DNA Damage, DNA Repair, and Mutagenesis

DNA damage consists of (a) formation of carcinogen-DNA adducts and other chemical modifications of DNA bases and (b) alterations in DNA ultrastructure (DNA strand cross-links/DNA strand breaks/chromatid exchanges/chromosomal loss). DNA damage can be induced by endogenous processes and by exogenous chemical and physical agents. A potential consequence of DNA damage is mutagenesis, i.e., a permanent alteration in DNA structure that produces miscopying of information during DNA replication and yields abnormal gene products (proteins). The process of carcinogenesis is considered to require mutations in multiple critical genes, and the risk of cancer is reduced when potentially mutagenic DNA damage is removed by DNA repair.

DNA damage and the consequential mutagenic events are considered to bring about changes in gene expression that produce a loss of growth control, a clonal growth of cells, and ultimately a tumor. A substantial period of time is required for a tumor to become evident, and DNA damage is considered to be necessary but not sufficient for tumorigenesis, as other events, such as mutagenesis and cell proliferation, must also take place. DNA adduct levels, measured at any point in time, reflect tissue-specific rates of damage processing, which include carcinogen activation, DNA repair, adduct instability, tissue turnover, and other events. In experimental models, dose-response associations have been observed for DNA damage, mutagenesis, and tumorigenesis. Reductions in tumor incidences have been observed when DNA damage has been lowered, either by DNA repair processes or by administering compounds that inhibit DNA adduct formation (chemoprevention).


A. DNA-Damaging Agents
Agents that damage DNA can be either endogenous or exogenous, and they can be either direct acting or require metabolic activation. Arguably the most frequent endogenous mechanisms by which the integrity of DNA is compromised include deamination (cytosine or methylcytosine to form uracil or thymine) and depurination. The endogenous formation of reactive oxygen species and other free radicals, and exogenous exposure to irradiation (ultraviolet light, radon, X rays), can act to damage DNA directly producing cross-links, strand breaks, chromosomal aberrations, and other structural changes. Normal endogenous metabolic processes, e.g., lipid peroxidation, redox cycling, and endogenous nitrosation, can produce oxygen-free radicals, oxidative DNA adducts, etheno adducts, and nitrosamine adducts. Pathways that lead to the formation of oxygen radicals include degradation of organic peroxides (catechol, hydroquinone, and 4-nitroquinoline-N-oxide), hydrogen peroxide, lipid peroxidation, and the catalytic cycling of some enzymes. The role of endogenous nitric oxide is unclear because while there is the potential for oxyradical formation, nitric oxide is an effective scavenger of superoxide, resulting in nitrogen dioxide formation. Exposure to tumor promoters indirectly increases oxyradical formation; examples include the action of phorbol esters, mediated by protein kinase C, and inflammation mediated by nitric oxide. Oxygen free radicals produce multiple DNA adducts, including 8- hydroxy-deoxyguanosine, thymine glycol, 5-hydroxyuracil, 5-hydroxymethyl-uracil, and 6-hydroxy-5,6- dihydro-cytidine.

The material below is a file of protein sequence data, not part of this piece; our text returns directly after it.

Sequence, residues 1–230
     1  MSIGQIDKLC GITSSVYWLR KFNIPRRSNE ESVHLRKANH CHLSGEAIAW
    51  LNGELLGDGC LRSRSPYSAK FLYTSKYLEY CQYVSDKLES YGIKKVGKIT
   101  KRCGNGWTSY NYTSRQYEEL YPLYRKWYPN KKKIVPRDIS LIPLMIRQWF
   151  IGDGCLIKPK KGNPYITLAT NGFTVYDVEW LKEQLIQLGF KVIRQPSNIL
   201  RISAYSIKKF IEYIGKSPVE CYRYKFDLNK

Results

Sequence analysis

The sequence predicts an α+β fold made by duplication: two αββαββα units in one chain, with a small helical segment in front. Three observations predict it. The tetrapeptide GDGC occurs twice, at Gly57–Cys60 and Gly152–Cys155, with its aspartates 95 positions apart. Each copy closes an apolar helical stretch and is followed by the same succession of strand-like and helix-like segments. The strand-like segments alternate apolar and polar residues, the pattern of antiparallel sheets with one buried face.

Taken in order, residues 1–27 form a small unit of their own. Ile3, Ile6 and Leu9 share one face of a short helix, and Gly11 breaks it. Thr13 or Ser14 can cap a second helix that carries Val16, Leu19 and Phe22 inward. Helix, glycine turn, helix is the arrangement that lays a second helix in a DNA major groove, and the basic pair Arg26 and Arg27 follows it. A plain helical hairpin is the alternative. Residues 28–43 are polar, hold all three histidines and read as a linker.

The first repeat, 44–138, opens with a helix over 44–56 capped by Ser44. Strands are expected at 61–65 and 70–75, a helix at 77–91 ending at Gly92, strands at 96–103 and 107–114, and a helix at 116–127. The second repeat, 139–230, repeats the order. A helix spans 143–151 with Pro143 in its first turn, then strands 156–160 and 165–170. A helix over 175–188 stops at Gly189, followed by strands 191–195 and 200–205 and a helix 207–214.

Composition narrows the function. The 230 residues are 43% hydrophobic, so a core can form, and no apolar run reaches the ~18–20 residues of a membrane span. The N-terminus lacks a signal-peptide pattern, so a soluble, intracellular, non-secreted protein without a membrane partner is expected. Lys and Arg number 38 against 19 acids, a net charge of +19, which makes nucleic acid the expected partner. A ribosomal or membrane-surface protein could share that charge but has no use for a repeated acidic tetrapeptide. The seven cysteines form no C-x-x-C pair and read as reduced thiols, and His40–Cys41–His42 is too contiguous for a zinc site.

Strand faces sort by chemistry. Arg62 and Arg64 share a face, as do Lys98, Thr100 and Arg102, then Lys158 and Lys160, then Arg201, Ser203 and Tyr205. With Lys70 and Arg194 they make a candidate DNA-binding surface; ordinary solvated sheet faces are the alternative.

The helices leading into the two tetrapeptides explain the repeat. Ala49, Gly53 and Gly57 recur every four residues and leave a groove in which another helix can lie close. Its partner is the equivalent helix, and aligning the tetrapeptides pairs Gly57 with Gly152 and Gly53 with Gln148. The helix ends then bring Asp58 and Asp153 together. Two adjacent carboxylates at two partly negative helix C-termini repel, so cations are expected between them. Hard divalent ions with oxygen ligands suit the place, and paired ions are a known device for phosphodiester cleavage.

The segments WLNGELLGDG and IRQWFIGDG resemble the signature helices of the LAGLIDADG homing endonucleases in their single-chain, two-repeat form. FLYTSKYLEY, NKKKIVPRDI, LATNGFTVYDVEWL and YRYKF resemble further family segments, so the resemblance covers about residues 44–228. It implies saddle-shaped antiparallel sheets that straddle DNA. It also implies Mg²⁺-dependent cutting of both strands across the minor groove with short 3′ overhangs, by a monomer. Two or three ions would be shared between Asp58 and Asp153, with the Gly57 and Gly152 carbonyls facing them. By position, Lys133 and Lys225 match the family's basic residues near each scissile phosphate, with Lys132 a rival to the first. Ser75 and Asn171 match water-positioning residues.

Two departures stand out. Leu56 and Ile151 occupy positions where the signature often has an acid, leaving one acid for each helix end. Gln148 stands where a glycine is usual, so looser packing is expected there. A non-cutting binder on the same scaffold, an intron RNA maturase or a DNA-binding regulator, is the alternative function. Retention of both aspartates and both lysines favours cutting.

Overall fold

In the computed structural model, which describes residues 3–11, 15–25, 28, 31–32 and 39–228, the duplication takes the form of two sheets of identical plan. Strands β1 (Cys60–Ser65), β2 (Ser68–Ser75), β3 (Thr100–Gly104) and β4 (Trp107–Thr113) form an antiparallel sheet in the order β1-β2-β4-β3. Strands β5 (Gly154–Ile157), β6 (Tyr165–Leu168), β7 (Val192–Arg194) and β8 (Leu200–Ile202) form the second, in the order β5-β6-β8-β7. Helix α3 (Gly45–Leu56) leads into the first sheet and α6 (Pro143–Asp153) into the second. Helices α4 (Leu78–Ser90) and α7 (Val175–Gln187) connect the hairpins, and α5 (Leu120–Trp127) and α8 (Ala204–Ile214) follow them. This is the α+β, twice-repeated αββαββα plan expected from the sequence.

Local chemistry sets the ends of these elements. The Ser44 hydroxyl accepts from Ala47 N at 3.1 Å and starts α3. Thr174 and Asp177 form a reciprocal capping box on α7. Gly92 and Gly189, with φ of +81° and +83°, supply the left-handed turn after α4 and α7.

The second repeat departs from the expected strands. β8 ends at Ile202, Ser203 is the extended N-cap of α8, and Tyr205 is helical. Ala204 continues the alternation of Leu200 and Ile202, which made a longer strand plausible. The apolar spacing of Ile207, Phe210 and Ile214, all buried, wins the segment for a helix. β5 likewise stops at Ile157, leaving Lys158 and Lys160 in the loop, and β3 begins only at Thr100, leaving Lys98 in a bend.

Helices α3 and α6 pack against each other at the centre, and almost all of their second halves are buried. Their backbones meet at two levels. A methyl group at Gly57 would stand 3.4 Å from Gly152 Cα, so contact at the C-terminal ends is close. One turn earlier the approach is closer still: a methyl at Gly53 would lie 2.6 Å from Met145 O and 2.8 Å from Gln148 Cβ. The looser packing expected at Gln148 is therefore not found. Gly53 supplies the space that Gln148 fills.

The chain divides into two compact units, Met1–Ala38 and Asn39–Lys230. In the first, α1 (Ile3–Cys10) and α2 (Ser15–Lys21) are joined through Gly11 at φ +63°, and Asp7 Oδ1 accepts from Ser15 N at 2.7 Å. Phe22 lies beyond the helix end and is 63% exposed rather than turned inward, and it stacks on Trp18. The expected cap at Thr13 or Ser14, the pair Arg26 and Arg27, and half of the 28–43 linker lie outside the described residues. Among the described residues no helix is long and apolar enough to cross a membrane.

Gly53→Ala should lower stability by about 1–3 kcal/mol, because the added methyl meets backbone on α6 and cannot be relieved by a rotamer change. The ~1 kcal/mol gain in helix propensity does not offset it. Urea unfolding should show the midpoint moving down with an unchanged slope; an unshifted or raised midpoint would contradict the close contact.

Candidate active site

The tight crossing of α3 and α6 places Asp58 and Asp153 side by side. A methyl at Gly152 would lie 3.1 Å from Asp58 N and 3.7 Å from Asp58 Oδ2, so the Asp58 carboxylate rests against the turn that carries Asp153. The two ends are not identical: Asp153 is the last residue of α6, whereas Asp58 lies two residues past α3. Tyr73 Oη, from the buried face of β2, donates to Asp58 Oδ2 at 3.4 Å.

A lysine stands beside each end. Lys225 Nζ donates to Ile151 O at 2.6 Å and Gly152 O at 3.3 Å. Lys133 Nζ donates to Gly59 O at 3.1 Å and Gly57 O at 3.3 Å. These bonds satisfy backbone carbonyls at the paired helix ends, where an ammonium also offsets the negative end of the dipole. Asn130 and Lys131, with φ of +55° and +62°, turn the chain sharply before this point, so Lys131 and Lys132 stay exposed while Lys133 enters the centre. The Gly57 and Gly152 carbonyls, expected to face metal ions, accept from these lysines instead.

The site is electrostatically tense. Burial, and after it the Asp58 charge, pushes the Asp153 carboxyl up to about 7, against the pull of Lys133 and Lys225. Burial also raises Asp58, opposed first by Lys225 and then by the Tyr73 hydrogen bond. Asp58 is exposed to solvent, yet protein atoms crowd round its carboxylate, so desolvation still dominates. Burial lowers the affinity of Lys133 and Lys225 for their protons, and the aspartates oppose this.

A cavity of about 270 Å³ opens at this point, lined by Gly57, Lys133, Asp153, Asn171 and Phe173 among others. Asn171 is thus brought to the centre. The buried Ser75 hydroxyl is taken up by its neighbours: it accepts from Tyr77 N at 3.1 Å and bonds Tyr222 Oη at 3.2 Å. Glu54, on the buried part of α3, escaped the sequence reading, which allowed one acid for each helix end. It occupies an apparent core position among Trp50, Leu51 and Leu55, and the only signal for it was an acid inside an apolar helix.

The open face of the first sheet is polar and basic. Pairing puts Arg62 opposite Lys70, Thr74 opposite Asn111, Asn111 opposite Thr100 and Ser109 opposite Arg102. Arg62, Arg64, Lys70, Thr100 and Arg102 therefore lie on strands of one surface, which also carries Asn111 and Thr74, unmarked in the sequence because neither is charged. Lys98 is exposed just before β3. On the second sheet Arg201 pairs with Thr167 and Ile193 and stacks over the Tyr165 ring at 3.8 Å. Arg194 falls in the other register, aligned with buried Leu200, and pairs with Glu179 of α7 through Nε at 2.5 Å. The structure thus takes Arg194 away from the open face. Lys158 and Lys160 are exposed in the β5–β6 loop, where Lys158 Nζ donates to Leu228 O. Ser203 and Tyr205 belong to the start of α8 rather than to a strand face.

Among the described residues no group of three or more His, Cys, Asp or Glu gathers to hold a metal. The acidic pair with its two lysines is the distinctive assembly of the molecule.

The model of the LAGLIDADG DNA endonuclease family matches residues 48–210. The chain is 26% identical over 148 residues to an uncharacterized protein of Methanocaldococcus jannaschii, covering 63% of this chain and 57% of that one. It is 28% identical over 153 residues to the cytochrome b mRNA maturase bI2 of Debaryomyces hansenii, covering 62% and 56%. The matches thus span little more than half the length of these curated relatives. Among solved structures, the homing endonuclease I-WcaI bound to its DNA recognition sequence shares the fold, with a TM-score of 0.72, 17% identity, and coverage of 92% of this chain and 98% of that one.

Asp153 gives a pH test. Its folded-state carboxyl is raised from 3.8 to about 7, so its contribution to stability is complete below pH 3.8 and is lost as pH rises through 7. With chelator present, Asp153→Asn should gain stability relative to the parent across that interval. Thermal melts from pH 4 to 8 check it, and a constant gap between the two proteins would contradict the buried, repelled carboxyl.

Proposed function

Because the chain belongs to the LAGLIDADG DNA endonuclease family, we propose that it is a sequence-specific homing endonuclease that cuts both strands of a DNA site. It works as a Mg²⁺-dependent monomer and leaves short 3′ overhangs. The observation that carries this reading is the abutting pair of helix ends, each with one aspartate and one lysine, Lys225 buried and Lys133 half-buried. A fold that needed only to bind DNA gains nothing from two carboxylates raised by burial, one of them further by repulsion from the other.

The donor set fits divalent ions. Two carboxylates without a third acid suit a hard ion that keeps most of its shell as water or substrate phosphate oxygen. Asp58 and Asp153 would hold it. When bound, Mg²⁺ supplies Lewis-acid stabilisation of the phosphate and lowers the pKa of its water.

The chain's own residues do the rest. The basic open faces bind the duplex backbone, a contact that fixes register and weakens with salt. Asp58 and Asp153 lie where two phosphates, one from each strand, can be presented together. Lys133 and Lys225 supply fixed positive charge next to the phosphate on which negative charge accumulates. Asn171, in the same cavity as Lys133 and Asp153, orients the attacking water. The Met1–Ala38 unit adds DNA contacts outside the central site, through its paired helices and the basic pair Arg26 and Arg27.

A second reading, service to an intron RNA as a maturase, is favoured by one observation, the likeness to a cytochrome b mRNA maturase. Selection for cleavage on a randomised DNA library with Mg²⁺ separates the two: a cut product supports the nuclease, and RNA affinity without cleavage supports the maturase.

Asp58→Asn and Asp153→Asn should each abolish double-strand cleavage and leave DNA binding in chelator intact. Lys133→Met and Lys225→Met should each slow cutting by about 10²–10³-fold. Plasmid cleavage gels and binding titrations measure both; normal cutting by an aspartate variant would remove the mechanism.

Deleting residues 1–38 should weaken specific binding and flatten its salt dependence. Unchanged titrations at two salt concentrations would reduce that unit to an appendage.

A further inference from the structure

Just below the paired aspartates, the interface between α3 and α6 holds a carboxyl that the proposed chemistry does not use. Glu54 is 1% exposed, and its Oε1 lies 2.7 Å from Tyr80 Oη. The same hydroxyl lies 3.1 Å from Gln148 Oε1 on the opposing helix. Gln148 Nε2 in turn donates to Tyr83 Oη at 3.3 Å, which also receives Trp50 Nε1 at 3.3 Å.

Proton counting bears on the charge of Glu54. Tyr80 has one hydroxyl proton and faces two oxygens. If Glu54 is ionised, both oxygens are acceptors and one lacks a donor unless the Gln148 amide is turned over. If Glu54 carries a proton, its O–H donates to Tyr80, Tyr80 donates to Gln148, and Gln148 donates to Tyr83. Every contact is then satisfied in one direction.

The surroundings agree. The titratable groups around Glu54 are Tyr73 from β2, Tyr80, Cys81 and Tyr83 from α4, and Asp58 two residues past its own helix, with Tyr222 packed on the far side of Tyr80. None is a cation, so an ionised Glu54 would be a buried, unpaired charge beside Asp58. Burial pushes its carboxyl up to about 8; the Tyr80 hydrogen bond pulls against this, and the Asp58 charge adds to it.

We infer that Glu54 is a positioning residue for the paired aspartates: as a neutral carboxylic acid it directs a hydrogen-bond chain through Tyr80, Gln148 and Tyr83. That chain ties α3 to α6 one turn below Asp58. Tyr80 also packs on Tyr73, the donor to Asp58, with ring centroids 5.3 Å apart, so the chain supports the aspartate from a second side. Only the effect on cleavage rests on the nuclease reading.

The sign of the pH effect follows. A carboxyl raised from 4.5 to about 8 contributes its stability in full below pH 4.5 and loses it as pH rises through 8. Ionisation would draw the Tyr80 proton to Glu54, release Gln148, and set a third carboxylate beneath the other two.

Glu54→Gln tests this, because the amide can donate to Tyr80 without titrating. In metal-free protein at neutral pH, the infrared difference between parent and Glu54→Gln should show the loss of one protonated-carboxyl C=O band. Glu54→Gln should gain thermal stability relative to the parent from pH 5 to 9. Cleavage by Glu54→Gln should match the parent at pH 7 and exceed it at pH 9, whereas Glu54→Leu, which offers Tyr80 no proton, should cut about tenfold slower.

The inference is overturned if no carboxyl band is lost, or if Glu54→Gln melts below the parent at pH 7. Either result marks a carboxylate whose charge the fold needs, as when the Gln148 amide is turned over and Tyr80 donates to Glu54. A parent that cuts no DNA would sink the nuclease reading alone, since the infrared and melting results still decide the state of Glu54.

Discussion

Exogenous (xenobiotic) DNA-damaging agents that are highly reactive and direct acting include radon, ultraviolet light, the nitrosoureas, some nitrosamines, ethylene oxide, and ozone. However, most exogenous chemical carcinogens are inert, such as the polycyclic aromatic hydrocarbons (PAHs), and require metabolic activation in order to become adducted to DNA. Inert exogenous agents are altered metabolically by families of enzymes that convert a small fraction of the initial dose to highly reactive intermediate metabolites that react directly with specific bases in nucleic acids. Examples of exogenous carcinogens are some plant and fungal products (aflatoxins, ochratoxins, hydrazines), pyrolysis products from cooking (heterocyclic amines, PAHs), industrial combustion products (aromatic amines, PAHs, nitro- PAHs, benzene, vinyl chloride, nitrosamines, ethylene oxide), urban pollution contaminants (PAHs, nitro-PAHs, aromatic amines), and contents of tobacco smoke (PAHs, nitosamines, aromatic amines). In addition, oxyradical formation may result from futile redox cycling that occurs through the metabolic activation of otherwise inert chemical carcinogens.

B. DNA Adduct Structures
There are a wide variety of DNA adduct structures, and some examples are shown in Fig. 1. Alkylation occurs when a portion of a chemical carcinogen, such as a methyl or ethyl moiety, becomes covalently bound to DNA. Alkyl radicals form during the metabolic activation of certain N-nitrosamines or spontaneously in the case of N-alkylureas (N-methyl-N-nitrosourea) and N-nitrosoguanidines. Protonated alkyl functional groups, which become available to modify DNA, attack nucleophilic centers on DNA bases. There are 10 of these: N1, N3, and N7 of adenine; N3 of cytosine; N2, O6, and N7 of guanosine; and O2, N3, and O4 of thymidine. Repair of some of these lesions is correlated with mutagenicity; e.g., O6-methyldeoxyguanosine (Fig. 1a) can be repaired and is a promutagenic lesion, whereas N7-methyldeoxyguanosine (Fig. 1b) is neither repaired nor mutagenic.

FIGURE 1 DNA adduct structures: (a) O6-methyldeoxyguanosine; (b) N7-methyldeoxyguanosine; (c) (7R)- N2-(10[7β,8α,9α-trihydroxy-7,8,9,10-tetrahydro-benzo[α]pyrene]yl)-deoxyguanosine; (d) N-(deoxyguanosin-8-yl)-2- (acetylamino)fluorene; (e) N-(deoxyguanosin-8-yl)-2-(amino)fluorene; and (f) 8,9-dihydro-8-(N5-formyl- 2', 5', 6'- triamino-4'-oxo-N5-pyrimidyl)-9-hydroxy-aflatoxin B1.